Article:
Mavering was quite willing. He went so much into detail that he left nothing to Boardman's imagination. He lost the sense of its calamitous close in recounting the facts of his story at Campobello; he smiled and blushed and laughed in telling certain things; he described Miss Anderson and imitated her voice; he drew heads of some of the ladies on the margin of a newspaper, and the tears came into his eyes when he repeated the cruel words which Alice had used at their last meeting.

"Oh, well, you must brace up," said Boardman. "I've got to go now. She didn't mean it, of course."

"Mean what?"

"That you were ungentlemanly. Women don't know half the time how hard they're hitting."

"I guess she meant that she didn't want me, anyway," said Mavering gloomily.

"Ah, I don't know about that. You'd better ask her the next time you see her. Good-bye." He had risen, and he offered his hand to Mavering, who was still seated.

"Why, I've half a mind to go with you."

"All right, come along. But I thought you might be going right on to Boston."

"No; I'll wait and go on with you. How, do you go to the race?"

"In the press boat."

"Any women?"

"No; we don't send them on this sort of duty."

"That settles it. I have got all I want of that particular sex for the time being." Mavering wore a very bitter air as he said this; it seemed to him that he would always be cynical; he rose, and arranged to leave his bag with the restaurateur, who put it under the counter, and then he went out with his friend.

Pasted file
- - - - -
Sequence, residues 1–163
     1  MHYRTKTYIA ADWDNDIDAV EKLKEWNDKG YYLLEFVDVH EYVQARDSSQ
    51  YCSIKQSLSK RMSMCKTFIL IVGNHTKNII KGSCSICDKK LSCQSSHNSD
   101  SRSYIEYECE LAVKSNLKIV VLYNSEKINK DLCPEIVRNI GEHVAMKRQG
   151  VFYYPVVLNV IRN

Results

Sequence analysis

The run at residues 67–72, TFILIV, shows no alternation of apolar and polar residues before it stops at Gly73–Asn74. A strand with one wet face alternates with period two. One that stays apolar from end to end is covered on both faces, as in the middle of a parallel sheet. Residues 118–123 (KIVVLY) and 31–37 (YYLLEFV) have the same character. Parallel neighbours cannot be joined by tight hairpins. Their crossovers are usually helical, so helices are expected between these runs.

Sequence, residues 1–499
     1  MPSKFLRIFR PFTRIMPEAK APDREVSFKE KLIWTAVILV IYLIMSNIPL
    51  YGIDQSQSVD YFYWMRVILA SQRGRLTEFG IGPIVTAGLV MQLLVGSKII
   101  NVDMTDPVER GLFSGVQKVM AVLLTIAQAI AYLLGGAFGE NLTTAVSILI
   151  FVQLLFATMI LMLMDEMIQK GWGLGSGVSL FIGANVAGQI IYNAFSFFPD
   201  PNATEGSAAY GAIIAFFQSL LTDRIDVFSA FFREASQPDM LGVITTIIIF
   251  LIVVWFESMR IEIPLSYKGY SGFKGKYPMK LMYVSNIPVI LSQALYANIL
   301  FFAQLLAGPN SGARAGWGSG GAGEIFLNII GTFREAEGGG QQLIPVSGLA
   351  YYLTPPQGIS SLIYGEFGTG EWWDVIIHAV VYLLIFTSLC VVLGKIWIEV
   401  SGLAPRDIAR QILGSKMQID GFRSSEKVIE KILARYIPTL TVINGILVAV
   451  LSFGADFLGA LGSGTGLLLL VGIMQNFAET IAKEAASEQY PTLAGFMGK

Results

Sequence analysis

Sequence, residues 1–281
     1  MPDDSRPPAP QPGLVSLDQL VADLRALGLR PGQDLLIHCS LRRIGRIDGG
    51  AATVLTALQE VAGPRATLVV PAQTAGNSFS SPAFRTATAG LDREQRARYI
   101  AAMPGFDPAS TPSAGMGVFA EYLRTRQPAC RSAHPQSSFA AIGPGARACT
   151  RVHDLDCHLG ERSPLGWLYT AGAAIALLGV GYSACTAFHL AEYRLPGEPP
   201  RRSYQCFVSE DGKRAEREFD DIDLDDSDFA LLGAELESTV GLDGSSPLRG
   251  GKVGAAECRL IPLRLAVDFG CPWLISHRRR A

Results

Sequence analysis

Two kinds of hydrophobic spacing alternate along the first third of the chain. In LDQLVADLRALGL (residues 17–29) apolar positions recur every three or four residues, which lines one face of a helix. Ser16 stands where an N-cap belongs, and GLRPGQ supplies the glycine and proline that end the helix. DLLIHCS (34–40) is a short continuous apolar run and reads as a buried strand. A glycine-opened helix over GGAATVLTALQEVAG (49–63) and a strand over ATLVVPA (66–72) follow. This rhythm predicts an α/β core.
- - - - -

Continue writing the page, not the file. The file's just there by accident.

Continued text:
The sun had come out, and the fog was burning away; there was life and lift in the air, which the rejected lover could not refuse to feel, and he said, looking round, and up and down the animated street. "I guess you're going to have a good day for it."

The pavement was pretty well filled with women who had begun shopping. Carriages were standing beside the pavement; a lady crossed the pavement from a shop door toward a coupe just in front of them, with her hand full of light packages; she dropped one of them, and Mavering sprang forward instinctively and picked it up for her.

"Oh, thank you!" she said, with the deep gratitude which society cultivates for the smallest services. Then she lifted her drooped eyelashes, and, with a flash of surprise, exclaimed, "Mr. Mavering!" and dropped all her packages that she might shake hands with him.